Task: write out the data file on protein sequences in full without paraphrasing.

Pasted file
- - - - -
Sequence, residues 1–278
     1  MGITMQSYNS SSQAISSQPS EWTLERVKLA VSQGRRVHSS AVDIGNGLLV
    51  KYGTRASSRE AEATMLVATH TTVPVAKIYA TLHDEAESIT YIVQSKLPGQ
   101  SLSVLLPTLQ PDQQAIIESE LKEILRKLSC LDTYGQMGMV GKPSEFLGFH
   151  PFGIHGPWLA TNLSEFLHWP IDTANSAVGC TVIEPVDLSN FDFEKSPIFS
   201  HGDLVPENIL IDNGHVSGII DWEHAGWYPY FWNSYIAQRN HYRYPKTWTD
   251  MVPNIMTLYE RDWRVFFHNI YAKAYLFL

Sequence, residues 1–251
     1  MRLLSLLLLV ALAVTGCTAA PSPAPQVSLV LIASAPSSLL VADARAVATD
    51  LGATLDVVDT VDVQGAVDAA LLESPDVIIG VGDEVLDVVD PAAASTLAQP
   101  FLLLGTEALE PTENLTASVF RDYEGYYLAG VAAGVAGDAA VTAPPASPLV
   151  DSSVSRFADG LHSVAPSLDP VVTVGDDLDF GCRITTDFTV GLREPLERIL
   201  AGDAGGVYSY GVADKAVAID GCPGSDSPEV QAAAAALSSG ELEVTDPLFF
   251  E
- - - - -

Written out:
Sequence, residues 1–278
     1  MGITMQSYNS SSQAISSQPS EWTLERVKLA VSQGRRVHSS AVDIGNGLLV
    51  KYGTRASSRE AEATMLVATH TTVPVAKIYA TLHDEAESIT YIVQSKLPGQ
   101  SLSVLLPTLQ PDQQAIIESE LKEILRKLSC LDTYGQMGMV GKPSEFLGFH
   151  PFGIHGPWLA TNLSEFLHWP IDTANSAVGC TVIEPVDLSN FDFEKSPIFS
   201  HGDLVPENIL IDNGHVSGII DWEHAGWYPY FWNSYIAQRN HYRYPKTWTD
   251  MVPNIMTLYE RDWRVFFHNI YAKAYLFL

Sequence, residues 1–251
     1  MRLLSLLLLV ALAVTGCTAA PSPAPQVSLV LIASAPSSLL VADARAVATD
    51  LGATLDVVDT VDVQGAVDAA LLESPDVIIG VGDEVLDVVD PAAASTLAQP
   101  FLLLGTEALE PTENLTASVF RDYEGYYLAG VAAGVAGDAA VTAPPASPLV
   151  DSSVSRFADG LHSVAPSLDP VVTVGDDLDF GCRITTDFTV GLREPLERIL
   201  AGDAGGVYSY GVADKAVAID GCPGSDSPEV QAAAAALSSG ELEVTDPLFF
   251  E